In the field of cultural studies, especially in archaeology, teaching collections constitute one of the foundations of academic instruction, albeit with varying degrees of emphasis. They are especially important in classical and prehistoric archaeology, in Egyptology, in the archaeology of the Middle East and Sudan, and in Christian archaeology. One such collection is maintained by the Tartu Ülikooli Kunstimuuseum (University of Tartu Art Museum), founded in 180368 and now preserved in the main building of the University of Tartu in which, next to objects of classical archaeology, modern art works are also exhibited.
The Thematic Collection Providing Temporary Teaching Support
In many disciplines, teaching collections were established for specific thematic fields that once were of topical interest and that were only used for a limited period of time. Transitory interest has characterized the history of many model collections, for example in the case of mathematical models. Collections of models were used for teaching primarily in technical subjects, but they also played a significant role in other disciplines, including medicine and biology.69 The glass models of Leopold (1822–1895) and Rudolf Blaschka (1857–1939), for instance, have become famous and are still found in many zoological collections all over the world.70
The Historical Collection as a Source for Studies in the History of Science
Universities also own many so-called historical collections that no longer serve their original research or teaching purpose, for example collections of devices and machines, models, and instrument cabinets that were used in teaching physics. Among these is the collection of instruments and devices that Georg Christoph Lichtenberg (1742–1799) created in 1783 at the University of Göttingen and financed with private funds.71 His demonstration objects were the main attraction of his introductory lecture in experimental physics. Such a collection, that documents a field's historical development, is not only significant for the development of an academic discipline's identity, but may also serve as a source for investigations into the history of science and can thus become a subject of research itself.
The Collection as a Place for Exhibitions
Often university collections were (and still are) referred to as museums. But in the course of history, this term has been used to describe a variety of things: Among others, a "Sammlung von Kunstwerken, öfters auch von Büchern und Naturproducten", a "Kunst-Kammer", a "Müntz-Cabinet", a "Rarität- und Antiquitäten-Kammer" or an "Ort, wo man zusammen kommt, um sich mit den Wissenschaften und schönen Künsten zu beschäftigen".72 Thus what used to be described as a "museum" may not always correspond to the current concept as defined by the ICOM.73 And, in contrast to today's practice, in the past university collections were often open to outsiders. For example, along with many other points of interest, the 1833 Wegweiser für Fremde und Einheimische durch Berlin und Potsdam ("Guide to Berlin and Potsdam for Visitors and Residents")74 points to the University of Berlin's "museums" which tourists could also visit upon presenting an admission ticket or by making a reservation.75 From today's perspective, this practice raises the question of whether it was the increasingly active and intensive use of collections in teaching and research that led to excluding the general public.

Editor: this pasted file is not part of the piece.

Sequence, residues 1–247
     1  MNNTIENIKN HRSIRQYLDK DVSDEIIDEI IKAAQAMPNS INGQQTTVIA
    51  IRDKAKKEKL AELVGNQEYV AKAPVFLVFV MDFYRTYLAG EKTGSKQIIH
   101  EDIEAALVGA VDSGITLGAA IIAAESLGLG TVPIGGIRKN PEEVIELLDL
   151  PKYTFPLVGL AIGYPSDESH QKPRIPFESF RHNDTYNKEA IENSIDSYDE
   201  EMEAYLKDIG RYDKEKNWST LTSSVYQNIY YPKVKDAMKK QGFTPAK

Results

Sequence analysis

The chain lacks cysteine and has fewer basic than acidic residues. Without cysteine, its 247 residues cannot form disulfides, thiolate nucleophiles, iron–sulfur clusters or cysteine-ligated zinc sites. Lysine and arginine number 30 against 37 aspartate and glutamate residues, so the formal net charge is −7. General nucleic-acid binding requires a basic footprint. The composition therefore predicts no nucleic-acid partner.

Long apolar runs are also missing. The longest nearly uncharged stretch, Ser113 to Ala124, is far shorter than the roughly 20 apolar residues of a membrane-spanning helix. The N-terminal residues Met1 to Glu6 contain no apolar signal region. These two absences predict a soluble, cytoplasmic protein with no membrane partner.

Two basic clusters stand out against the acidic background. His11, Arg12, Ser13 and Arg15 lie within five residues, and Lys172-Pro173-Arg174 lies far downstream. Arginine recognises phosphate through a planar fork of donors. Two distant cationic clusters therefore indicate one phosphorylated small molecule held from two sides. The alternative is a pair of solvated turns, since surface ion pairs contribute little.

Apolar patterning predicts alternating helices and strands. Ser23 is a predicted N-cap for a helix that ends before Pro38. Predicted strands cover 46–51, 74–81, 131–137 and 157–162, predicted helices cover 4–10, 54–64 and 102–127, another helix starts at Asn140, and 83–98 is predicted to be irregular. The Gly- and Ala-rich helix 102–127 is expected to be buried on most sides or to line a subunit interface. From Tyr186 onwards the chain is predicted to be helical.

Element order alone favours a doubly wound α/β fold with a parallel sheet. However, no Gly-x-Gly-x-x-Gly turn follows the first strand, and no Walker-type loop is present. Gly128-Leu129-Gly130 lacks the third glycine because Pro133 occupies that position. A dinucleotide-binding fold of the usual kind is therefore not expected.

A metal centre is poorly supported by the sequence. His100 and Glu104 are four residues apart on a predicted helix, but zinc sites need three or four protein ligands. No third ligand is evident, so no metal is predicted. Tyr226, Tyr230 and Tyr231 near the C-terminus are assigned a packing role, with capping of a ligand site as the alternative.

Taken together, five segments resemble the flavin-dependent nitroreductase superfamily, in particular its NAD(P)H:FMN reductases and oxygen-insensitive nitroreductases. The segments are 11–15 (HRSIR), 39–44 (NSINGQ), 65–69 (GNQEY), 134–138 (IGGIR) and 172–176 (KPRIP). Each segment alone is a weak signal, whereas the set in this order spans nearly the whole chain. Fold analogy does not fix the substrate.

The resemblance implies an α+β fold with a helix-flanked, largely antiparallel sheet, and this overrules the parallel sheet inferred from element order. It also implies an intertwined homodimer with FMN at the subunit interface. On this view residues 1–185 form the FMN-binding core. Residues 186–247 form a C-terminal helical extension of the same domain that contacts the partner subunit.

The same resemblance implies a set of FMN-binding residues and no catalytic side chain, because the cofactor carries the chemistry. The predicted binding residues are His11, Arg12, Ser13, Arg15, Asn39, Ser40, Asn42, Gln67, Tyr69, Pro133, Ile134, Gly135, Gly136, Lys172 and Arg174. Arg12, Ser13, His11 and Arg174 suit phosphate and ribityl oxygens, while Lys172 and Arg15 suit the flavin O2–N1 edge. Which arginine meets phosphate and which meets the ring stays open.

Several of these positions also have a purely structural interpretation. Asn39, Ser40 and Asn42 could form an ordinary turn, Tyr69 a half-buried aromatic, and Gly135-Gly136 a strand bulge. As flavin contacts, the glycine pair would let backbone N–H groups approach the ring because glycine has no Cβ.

Conclusion and Outlook
European universities house an extremely broad range of collections and a unique material culture that played a vital role in the establishment of many scientific disciplines. Indeed, experts themselves are sometimes surprised by the abundance and diversity of university holdings. Even collections that are obviously only of historical interest can acquire new relevance after the introduction of new research methods, approaches or didactic concepts. Therefore, as a matter of principle university collections must be preserved in order to maintain their research potential for future generations, keep the material evidence of the history of science and to retain this part of our cultural heritage.
Fortunately, in recent years, Europe has witnessed the beginning of more general historical research into collections and their contents. In this context, the trans-regional networks that were developed at the beginning of the 21st century have played an essential part in the field of university collections.76 They have directed attention not only to the museological aspects of collections, but also to their history. In addition, a newly awakened historical and epistemological interest in the importance of the material culture for scientific practice has produced stimulating studies on selected collection objects and object groups. Up to now, cultural transfer in Europe has been visible primarily at the level of objects, for example in teaching models: The wax anatomical models which the Florentine Clemente Susini (1754–1814) developed for the museum La Specola have also found their way into many other European collections. For example, when Emperor Joseph II (1741–1790) visited the museum in 1780, he ordered a large number of them for the Museum Josephinum77 in Vienna.78 Of particular importance in this regard, are, among others, the works of the Frenchman Louis Auzoux (1797–1880) whose papier-mâché botanical and zoological models were bestsellers throughout Europe.79 Mathematical models have also travelled far: Thus we find the models made by the Leipzig publishing house of Martin Schilling widely distributed throughout Germany and other places, including the University of Coimbra where at present an inventory of the models is being taken. If this tendency continues, one will soon be able to write a comprehensive history of university collections in European culture. Such a study could also trace the trans-regional relationships between collections that came about during the early modern period and which have not yet been sufficiently investigated.